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New insight into
evolution of life


Posted: August 20, 2009

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Humans have the fusing of two microscopic single-celled organisms more than 2.5 billion years ago to thank for their existence, new NASA-funded research has found.

Molecular biologist James Lake of the University of California at Los Angeles' Center for Astrobiology compared proteins in more than 3,000 different single-celled organisms called prokaryotes and found that two major classes of microbes fused together more than 2.5 billion years ago, allowing a pathway for the evolution of life on Earth.

Over 2.5 billion years ago, two single-celled organisms merged, leading to the rise of an oxygen-producing bacteria that eventually produced an atmosphere suitable for life as we know it to breathe. Image: NASA.

"Higher life would not have happened without this event," says Lake. "These are very important organisms. At the time these two early prokaryotes were evolving, there was no oxygen in the Earth's atmosphere. Humans could not live. No oxygen-breathing organisms could live."

The merging enabled the evolution of a stable organism that could use energy from sunlight via the well-known process of photosynthesis. The new class of prokaryotes evolved to include cyanobacteria, the primary oxygen-generators on the planet. Cyanobacteria manufactured enough oxygen to alter the chemical composition of the atmosphere, thus setting the stage for the rise of plants and animals.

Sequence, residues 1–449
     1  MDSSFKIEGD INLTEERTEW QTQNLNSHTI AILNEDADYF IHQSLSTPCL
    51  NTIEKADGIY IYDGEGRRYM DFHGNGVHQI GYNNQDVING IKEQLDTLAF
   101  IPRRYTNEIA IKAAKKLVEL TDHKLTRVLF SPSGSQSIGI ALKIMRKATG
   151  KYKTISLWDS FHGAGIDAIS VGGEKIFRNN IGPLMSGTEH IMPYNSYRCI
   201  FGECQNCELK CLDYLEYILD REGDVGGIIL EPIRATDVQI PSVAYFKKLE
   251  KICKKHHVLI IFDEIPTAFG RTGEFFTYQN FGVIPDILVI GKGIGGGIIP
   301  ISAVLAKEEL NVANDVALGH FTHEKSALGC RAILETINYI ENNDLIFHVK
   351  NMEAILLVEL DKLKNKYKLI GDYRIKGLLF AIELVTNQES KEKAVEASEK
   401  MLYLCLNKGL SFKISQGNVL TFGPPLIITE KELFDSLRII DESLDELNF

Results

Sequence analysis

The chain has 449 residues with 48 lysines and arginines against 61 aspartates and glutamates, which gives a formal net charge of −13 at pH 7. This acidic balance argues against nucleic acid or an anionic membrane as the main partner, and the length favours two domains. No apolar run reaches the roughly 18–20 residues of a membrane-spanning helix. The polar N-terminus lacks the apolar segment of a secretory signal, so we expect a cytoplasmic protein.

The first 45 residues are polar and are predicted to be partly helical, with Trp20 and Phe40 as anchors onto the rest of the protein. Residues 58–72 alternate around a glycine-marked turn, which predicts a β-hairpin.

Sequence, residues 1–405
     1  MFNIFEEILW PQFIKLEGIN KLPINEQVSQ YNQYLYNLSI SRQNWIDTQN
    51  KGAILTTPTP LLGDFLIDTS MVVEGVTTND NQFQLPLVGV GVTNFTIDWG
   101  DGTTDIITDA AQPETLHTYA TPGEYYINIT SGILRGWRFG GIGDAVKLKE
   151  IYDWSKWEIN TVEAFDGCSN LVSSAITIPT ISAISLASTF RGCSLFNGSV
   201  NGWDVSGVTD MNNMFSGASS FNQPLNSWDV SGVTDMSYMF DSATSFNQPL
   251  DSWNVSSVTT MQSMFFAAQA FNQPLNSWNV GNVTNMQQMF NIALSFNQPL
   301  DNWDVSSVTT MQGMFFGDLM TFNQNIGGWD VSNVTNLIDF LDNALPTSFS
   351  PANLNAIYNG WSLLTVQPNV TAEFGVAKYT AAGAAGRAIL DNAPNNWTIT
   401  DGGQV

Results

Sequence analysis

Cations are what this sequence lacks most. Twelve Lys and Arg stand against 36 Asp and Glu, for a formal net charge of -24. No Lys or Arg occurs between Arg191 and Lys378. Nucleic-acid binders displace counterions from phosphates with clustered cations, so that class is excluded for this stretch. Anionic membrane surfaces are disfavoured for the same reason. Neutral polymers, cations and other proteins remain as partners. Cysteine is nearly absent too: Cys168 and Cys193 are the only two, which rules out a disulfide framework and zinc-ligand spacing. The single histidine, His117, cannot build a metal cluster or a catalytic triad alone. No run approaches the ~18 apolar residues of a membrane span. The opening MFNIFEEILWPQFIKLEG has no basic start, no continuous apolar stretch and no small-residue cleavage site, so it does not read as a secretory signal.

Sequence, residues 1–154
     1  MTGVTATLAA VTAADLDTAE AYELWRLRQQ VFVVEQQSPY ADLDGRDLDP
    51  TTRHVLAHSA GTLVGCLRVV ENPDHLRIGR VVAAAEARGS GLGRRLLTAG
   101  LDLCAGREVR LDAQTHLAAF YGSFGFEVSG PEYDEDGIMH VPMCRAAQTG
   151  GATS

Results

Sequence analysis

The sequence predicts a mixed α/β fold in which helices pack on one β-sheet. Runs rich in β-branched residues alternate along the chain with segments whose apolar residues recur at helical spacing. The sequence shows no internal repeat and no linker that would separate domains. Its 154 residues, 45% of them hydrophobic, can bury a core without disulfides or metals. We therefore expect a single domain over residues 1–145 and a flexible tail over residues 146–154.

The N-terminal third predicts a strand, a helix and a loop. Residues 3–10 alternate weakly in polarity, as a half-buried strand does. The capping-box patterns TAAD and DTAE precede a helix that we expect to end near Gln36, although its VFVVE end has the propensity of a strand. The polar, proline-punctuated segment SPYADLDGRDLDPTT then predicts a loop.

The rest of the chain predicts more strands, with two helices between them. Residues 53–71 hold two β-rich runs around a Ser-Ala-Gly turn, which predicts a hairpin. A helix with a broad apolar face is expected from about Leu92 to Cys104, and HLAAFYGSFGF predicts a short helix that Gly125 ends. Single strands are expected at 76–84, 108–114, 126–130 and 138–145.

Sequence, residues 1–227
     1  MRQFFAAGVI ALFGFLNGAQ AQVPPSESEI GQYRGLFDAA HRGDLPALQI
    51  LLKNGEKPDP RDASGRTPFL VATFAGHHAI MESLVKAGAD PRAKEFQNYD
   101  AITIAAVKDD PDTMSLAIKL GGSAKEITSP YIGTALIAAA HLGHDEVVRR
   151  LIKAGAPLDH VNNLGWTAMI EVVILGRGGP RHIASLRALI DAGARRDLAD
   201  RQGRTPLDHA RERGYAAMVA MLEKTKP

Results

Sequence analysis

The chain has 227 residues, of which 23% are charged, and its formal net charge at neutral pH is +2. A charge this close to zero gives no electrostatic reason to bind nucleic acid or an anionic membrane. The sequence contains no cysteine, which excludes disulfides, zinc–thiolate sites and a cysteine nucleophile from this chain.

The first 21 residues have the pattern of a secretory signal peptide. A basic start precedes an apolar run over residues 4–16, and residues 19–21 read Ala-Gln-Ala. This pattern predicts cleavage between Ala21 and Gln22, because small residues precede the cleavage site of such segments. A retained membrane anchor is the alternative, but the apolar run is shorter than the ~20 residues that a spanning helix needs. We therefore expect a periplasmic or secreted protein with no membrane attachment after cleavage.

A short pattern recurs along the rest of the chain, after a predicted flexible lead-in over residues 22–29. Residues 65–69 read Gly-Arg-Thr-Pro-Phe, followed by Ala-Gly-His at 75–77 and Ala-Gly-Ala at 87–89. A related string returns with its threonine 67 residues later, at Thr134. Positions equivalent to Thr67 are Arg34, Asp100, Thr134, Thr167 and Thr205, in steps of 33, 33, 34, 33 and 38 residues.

"This work is a major advance in our understanding of how a group of organisms came to be that learned to harness the Sun and then effected the greatest environmental change Earth has ever seen, in this case with beneficial results," says Carl Pilcher, director of the NASA Astrobiology Institute at NASA's Ames Research Center.

The Planets
From tiny Mercury to distant Neptune and Pluto, The Planets profiles each of the Solar System's members in depth, featuring the latest imagery from space missions. The tallest mountains, the deepest canyons, the strongest winds, raging atmospheric storms, terrain studded with craters and vast worlds of ice are just some of the sights you'll see on this 100-page tour of the planets.

Hubble Reborn
Hubble Reborn takes the reader on a journey through the Universe with spectacular full-colour pictures of galaxies, nebulae, planets and stars as seen through Hubble's eyes, along the way telling the dramatic story of the space telescope, including interviews with key scientists and astronauts.

3D Universe
Witness the most awesome sights of the Universe as they were meant to be seen in this 100-page extravaganza of planets, galaxies and star-scapes, all in 3D!


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